Old Hardy Update: April 7, 2019

Old Hardy Update, April 7, 2019

New estimate projects enrollment in Wilson Feeder schools will rise even more than previously predicted: by 2000 in 5 years, over 3000 in 10 years.

         In my last newsletter, I wrote about the new report prepared by DCPS, in cooperation with the Ward 3/Wilson Feeder Education Network, showing that most schools in the feeder pattern were already at capacity and most were projected to grow much more over the next 5 and 10 years.  Overall, the student population in the feeder school population was expected to grow by some 2000 students by 2027-28, a number that can’t be met without additional school buildings AND creative planning and programming.

        But now the growth estimate is even higher!  According to a revised report from the Deputy Mayor’s office, called the Master Facilities Plan, there are now 1587 additional students projected to be enrolled in feeder pattern schools by 2022-23 and 3185 by 2027-28.  

        Not to sound alarmist or anything, but with an average size of 600 kids per school, that’s 5 schoolsfull of kids! And, keep in mind, most of the existing schools have already maxed out their physical footprint with trailers and/or additions. There is physically no room for them to expand, not to mention, many already have enrollments higher than many would regard as desirable (e.g. elementary schools with over 700students) . (See charts beginning on Appendix page A-24 in the Master Facilities Plan for school by school enrollment projections.) 

But Mayor continues support for giving up the area’s only unused public school building via a 50-year lease 

         Under the best of circumstances, this enrollment surge, which has been underway for over a decade, is going to require creativity—for example, maybe DCPS needs to be in the business, as charter schools are, of leasing space, possibly in one of the many new developments or a private school that’s selling; maybe we can set up early childhood centers, possibly in partnership with existing nursery schools; maybe some students would choose to leave the ward for desired programs not too far away.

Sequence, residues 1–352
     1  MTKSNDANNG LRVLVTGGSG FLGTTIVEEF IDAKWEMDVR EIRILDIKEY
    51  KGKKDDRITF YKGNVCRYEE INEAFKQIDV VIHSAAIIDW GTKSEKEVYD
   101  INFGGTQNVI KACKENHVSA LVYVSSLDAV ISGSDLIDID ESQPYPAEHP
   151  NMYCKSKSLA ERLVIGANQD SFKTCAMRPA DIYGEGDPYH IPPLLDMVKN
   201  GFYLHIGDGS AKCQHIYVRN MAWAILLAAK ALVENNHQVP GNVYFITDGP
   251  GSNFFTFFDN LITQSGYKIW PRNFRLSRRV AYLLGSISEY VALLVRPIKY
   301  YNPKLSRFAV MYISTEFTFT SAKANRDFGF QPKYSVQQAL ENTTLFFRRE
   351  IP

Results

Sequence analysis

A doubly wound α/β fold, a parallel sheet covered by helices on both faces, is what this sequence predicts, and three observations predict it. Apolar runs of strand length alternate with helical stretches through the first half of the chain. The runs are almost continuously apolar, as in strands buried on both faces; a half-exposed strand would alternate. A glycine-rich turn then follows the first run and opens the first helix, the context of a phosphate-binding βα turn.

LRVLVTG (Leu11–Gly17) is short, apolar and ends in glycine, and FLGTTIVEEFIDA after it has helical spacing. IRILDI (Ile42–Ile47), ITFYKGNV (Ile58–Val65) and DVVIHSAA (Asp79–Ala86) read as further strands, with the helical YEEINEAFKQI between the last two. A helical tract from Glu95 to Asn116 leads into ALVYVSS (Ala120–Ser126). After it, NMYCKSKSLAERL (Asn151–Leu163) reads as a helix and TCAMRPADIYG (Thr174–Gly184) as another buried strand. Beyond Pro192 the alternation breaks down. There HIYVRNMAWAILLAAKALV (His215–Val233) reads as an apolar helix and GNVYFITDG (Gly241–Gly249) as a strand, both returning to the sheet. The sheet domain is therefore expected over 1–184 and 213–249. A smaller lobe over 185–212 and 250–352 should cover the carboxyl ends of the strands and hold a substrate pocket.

We need to be creative.  But, even with all our creativity, we need every available building.  In Ward 3, there is just one unused DCPS school building: The Old Hardy building.  It was leased away a number of years ago on a series of short-term leases, when area schools didn’t need the space.  Its current lease, for 5 years ending in 2023, is with the Lab School, a very well-regarded school, offering needed services (for students with learning disabilities) to a number of DC, Maryland, and Virginia families.  
Giving away the Old Hardy School for 50 years is monstrously irresponsible

        Lab has two campuses; the Old Hardy campus is its lower school, and currently houses roughly 65 students, with most residents of Maryland and Virginia. Lab is a well regarded school providing important services. It should be able, easily, with nearly five years of advance notice, to find an alternative space for its 65 students.  It doesn’t face restrictions, as DC schools do, about where it can locate; in fact, it could locate in DC, Maryland or Virginia.
       As I wrote in my last newsletter, the Mayor has proposed to give up any DCPS right to the Old Hardy School for 50 years, via a long-term lease to the Lab School. As I also inferred in the last newsletter, this is madness.  Only with the new enrollment projection, it’s even crazier. We really, really need that school to be a DCPS elementary school!  
         Take a look at the attached map (courtesy of Nick Keenan, former president of the Palisades Community Association), which shows each elementary school in the Wilson feeder pattern as a circle along with the increased number of students projected to enroll at that school by school year 2027/28. Based on the revised Master Facilities Plan, keep in mind that about half of that growth will happen within 5 years! It would be monstrously irresponsible to give the Old Hardy School away for 50 years!